By RONALYN V. OLEA
MANILA – Justice Secretary Leila de Lima pledged to study the cases of political prisoners in a dialogue with human rights groups today.
Leaders of Samahan ng Ex-Detainees Laban sa Detensyon at Aresto (Selda), Karapatan and other groups sought a dialogue with de Lima and presented a proposal for a general, unconditional and omnibus amnesty for all political prisoners. According to the groups, there are 335 political prisoners languishing in 63 jails all over the country.
“I told them it’s not as easy as that. The most we can do is to study individually these cases, to determine whether they are qualified [for amnesty],” De Lima told reporters after the dialogue.
“In any case, we have to process this list to determine if there is basis for the request for clemency, particularly pardon,” referring to the list of political prisoners submitted by Selda and Karapatan.
De Lima said she would convene probably next week the Presidential Committee for Bail, Recognizance and Pardon (PCBReP), of which she is the chair.
In a statement, Marie Hilao-Enriquez, Karapatan chairwoman said: “It is ironic that President Benigno S. Aquino III boasts of his parents’ legacy—that of fighting and dying for democracy in this country—while the number of political prisoners continues to rise in his government, under his ‘straight path.’”
De Lima said the “number one challenge is how to really define political prisoners.” “Government has not acceded to coming up with a definition of political prisoners,” De Lima said, admitting that the executive has not taken up the issue yet.
“This is a recurring issue. We may consider coming up with mutually-accepted definition of political prisoners,” De Lima said, adding that no domestic law defines political prisoners.
For Karapatan, political prisoners are victims of political persecution because of their political beliefs, but are falsely charged with common crimes to conceal their existence. They are mostly illegally arrested and detained, without warrants of arrests, if not faulty ones. They have also been subjected to different forms of torture while under the custody of the Armed Forces of the Philippines (AFP) and/or the Philippine National Police (PNP).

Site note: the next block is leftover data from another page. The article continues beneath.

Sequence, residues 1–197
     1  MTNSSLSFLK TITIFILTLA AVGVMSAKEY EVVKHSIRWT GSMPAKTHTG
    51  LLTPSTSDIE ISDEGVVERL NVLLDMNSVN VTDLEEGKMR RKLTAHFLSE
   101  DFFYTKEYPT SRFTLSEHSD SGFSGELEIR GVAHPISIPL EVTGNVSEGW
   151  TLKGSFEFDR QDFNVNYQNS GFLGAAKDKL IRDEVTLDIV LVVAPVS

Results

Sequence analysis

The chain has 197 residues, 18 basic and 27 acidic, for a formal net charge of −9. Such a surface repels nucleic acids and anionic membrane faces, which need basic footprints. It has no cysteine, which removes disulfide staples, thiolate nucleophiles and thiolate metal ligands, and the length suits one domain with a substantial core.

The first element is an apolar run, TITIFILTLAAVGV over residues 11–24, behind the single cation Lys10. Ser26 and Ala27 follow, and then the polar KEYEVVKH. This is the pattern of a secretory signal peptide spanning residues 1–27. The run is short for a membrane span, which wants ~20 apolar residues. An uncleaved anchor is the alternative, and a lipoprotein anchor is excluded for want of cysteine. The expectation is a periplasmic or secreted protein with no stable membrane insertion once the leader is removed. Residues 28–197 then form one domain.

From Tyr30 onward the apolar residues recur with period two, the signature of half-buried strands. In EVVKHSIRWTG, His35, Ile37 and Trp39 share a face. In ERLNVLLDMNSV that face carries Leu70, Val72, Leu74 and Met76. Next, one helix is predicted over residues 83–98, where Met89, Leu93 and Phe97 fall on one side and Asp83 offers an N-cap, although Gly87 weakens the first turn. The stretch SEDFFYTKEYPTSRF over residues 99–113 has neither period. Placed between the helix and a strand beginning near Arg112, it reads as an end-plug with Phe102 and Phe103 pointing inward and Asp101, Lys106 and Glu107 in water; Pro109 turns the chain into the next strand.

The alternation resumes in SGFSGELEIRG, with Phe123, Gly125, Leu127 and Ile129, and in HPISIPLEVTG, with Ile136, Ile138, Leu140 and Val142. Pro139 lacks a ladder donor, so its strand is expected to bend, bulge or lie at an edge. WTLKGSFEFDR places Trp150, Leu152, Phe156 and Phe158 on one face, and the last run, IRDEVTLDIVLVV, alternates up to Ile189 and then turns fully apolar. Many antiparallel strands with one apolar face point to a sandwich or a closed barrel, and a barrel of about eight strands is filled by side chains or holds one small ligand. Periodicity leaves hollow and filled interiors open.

De Lima said it would seem that many of the political prisoners are charged or convicted with common crimes.
Former political prisoner Angie Ipong who also joined the dialogue said political prisoners like her are slapped with trumped-up charges. After six years, the charges against Ipong, all of which are common crimes, including murder, had been dismissed. She was released in February.
“They [political prisoners] are charged with fabricated common crimes, conveniently hiding the political nature of their cases, thereby hiding the political persecution,” Ipong said.
According to Tanggol Bayi, a women’s rights group, many of the political prisoners are human rights defenders “who have been very active in defending the political, economic and socio-cultural rights of the people.” Of the 335 political prisoners, 30 are women.
“The continued incarceration of these women human rights defenders impeded their work in pursuit of women’s human rights,” Cristina Palabay, Tanggol Bayi convenor, said.
During the President Corazon Aquino administration, De Lima said it is clear that there were political prisoners and so she granted amnesty. “Are there still political prisoners these days? That would be reviewed by the Presidential Committee,” De Lima said.
The justice secretary said the military leadership during the previous administration would not accept that there are political prisoners. She said she has yet to find out with the current military leadership.
For Ipong, the demand for general, unconditional and omnibus amnesty for all political prisoners is “but just and reasonable because political prioners are victims of the Arroyo government’s covert policy of political persecution.”
De Lima said the decisions would be on a case-to-case basis.
“If only the President listens to the people’s reaction on the ground, he would know that his “bosses” are getting frustrated because he has yet to make a significant decision in his first year in office. Let this decision be the release of political prisoners,” challenged Hilao-Enriquez.
Karapatan recalled that it only took the President’s mother, Corazon Aquino less than a month to release majority, if not all political prisoners during her term through a general, unconditional and omnibus amnesty during her first year in office.
Hilao-Enriquez reiterated that, “for a self professed human rights advocate, President Aquino should walk the talk now. We are giving him the opportunity to prove the people wrong by releasing the political prisoners now. In the first place, the political prisoners shouldn’t have been in prison if this country is truly democratic and free, as he said so in his speech on June 12.’’